Influence of the global crisis of 2008 and the brazilian political oscillations of 2014 on suicide rates: An analysis of the period from 2002 to 2017.

Journal Article (Journal Article)

Global suicide rates have increased in recent decades becoming a serious social and public health problem. In Brazil, rates have been increasing annually. We aimed to analyze the correlation between suicide mortality rates and global economic and political crisis periods of 2008 and 2014 in Brazil. The analysis of suicide mortality in Brazil was done using a time-series segmented linear regression model that estimated the trend of rates over time. To obtain the model, changes in the trend of both abrupt and gradual suicide rates were investigated. The results indicate statistically significant changes showing an upward trend of suicide rates during the world economic crisis (2008-2013) and during the economic and political crisis in Brazil (2014-2017) compared to previous periods, especially at the extremes of schooling (3 < years and > 8 years). Among white and parda, there were significant trend rates increases in both periods and in different regions. In the Northeast and South regions, we observed a significant increase in the trend rate for males after the Brazilian economic and political crisis (2014 to 2017). We can conclude that the national suicide rates were influenced by the economic and political instability that our country has been going through since 2008, affecting each region differently. Further studies are needed to explore the reasons for interregional differences and the relation of suicide with unemployment rates and possible economic predictors.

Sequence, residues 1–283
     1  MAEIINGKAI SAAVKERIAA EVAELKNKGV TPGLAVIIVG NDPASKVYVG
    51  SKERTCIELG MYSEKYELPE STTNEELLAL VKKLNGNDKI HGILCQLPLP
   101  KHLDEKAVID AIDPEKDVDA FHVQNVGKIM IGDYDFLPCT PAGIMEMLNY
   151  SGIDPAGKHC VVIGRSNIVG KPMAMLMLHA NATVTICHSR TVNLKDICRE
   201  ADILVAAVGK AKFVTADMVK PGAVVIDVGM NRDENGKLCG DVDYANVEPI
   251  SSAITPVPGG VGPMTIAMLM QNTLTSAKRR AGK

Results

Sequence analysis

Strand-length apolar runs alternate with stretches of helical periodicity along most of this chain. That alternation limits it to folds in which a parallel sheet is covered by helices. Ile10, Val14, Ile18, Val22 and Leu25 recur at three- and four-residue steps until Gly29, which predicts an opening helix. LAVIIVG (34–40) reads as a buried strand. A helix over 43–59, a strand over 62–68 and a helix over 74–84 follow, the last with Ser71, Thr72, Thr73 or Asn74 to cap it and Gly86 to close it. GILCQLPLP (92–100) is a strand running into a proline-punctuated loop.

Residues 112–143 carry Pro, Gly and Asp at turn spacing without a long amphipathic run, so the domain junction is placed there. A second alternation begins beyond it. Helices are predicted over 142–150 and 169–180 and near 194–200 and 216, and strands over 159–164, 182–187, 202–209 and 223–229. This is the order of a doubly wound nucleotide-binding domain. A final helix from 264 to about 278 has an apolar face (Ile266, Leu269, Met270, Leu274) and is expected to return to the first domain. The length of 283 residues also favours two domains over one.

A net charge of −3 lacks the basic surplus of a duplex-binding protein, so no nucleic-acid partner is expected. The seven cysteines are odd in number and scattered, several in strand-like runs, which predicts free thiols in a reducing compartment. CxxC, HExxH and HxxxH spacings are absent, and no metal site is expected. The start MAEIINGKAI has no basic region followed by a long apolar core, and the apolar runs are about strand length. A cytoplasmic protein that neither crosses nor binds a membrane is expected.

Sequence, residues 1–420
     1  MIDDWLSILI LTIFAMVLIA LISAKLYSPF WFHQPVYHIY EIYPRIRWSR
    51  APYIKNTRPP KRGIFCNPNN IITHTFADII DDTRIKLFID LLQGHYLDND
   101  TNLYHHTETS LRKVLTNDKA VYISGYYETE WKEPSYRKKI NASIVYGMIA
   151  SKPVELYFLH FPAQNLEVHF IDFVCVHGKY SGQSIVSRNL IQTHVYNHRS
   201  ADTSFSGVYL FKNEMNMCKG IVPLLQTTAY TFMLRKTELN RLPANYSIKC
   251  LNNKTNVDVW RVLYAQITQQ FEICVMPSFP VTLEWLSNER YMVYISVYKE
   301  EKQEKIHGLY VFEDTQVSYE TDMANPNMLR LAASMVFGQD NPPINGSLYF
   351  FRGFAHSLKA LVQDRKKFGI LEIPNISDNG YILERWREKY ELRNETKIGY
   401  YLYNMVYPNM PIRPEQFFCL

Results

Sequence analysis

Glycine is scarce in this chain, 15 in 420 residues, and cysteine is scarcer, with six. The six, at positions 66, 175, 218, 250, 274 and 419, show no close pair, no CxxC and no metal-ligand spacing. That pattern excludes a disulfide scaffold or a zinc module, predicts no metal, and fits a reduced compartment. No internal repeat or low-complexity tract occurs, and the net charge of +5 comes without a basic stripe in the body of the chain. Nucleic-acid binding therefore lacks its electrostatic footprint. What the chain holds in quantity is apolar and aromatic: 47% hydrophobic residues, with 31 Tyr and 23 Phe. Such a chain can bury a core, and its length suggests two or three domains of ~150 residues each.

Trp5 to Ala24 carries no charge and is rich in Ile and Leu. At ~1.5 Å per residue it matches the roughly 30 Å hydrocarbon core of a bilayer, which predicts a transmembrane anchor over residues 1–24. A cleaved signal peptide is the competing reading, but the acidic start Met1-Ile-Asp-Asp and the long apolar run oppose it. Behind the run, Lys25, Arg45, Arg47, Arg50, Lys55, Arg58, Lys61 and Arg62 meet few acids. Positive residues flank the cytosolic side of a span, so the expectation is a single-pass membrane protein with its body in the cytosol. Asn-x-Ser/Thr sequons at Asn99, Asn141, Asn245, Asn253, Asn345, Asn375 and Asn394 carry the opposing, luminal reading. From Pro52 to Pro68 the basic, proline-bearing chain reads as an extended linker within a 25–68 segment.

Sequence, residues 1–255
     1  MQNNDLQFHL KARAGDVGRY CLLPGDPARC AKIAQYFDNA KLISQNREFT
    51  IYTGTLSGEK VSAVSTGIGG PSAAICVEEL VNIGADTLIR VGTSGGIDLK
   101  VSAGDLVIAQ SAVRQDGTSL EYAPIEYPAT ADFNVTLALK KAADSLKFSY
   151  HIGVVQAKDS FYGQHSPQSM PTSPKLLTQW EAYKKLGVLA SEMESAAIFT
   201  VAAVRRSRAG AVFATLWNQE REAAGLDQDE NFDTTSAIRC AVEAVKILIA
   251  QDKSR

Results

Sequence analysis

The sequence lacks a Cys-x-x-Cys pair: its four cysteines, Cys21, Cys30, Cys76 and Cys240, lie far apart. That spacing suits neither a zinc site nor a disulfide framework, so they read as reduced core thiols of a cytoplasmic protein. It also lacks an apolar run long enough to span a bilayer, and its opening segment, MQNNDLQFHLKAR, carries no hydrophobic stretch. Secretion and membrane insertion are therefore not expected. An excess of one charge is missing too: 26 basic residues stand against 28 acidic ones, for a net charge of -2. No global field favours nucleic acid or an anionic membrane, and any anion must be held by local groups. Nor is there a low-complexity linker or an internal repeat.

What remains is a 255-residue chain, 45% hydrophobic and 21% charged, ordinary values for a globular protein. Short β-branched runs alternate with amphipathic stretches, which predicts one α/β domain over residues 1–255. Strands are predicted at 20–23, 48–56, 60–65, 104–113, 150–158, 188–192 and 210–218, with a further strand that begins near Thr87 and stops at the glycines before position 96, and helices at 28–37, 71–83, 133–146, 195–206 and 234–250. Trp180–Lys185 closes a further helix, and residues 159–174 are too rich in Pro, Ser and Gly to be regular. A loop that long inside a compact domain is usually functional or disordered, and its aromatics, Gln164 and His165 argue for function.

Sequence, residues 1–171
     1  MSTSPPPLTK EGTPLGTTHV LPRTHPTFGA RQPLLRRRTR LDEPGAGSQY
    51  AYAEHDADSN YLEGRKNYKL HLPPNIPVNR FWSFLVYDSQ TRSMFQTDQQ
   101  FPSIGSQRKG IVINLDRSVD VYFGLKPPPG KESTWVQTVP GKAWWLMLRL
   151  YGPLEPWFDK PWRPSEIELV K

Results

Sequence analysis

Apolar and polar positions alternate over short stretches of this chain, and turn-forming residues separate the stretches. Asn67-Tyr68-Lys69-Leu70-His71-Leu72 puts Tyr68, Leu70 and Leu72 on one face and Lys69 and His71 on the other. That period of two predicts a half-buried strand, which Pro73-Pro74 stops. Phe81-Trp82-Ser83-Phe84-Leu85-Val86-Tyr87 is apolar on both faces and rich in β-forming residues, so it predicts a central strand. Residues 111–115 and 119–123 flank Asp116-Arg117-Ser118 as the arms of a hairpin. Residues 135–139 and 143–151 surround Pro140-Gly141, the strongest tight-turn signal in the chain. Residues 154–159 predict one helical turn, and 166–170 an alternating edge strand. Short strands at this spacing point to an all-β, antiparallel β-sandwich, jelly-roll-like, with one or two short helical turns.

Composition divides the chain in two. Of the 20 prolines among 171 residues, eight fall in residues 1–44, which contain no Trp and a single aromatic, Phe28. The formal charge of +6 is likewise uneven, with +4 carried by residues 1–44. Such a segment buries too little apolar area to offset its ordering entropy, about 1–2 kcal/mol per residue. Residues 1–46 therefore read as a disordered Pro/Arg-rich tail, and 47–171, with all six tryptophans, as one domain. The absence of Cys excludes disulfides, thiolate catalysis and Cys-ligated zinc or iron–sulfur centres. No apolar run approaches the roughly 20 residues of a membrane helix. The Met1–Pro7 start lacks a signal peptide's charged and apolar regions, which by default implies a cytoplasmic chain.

Full Text

Duke Authors

Cited Authors

  • Spiecker, EM; Mincoff Barbanti, PC; Egger, PA; de Barros Carvalho, MD; Pelloso, SM; Rovery de Souza, M; de Andrade, L; Staton, CA; Alves, ML; Menezes de Souza, E; Pedroso, RB; Nickenig Vissoci, JR

Published Date

  • March 2021

Published In

Volume / Issue

  • 13 /

Start / End Page

  • 100754 -

PubMed ID

  • 33665336

Pubmed Central ID

  • PMC7905182

International Standard Serial Number (ISSN)

  • 2352-8273

Digital Object Identifier (DOI)

  • 10.1016/j.ssmph.2021.100754


  • eng

Conference Location

  • England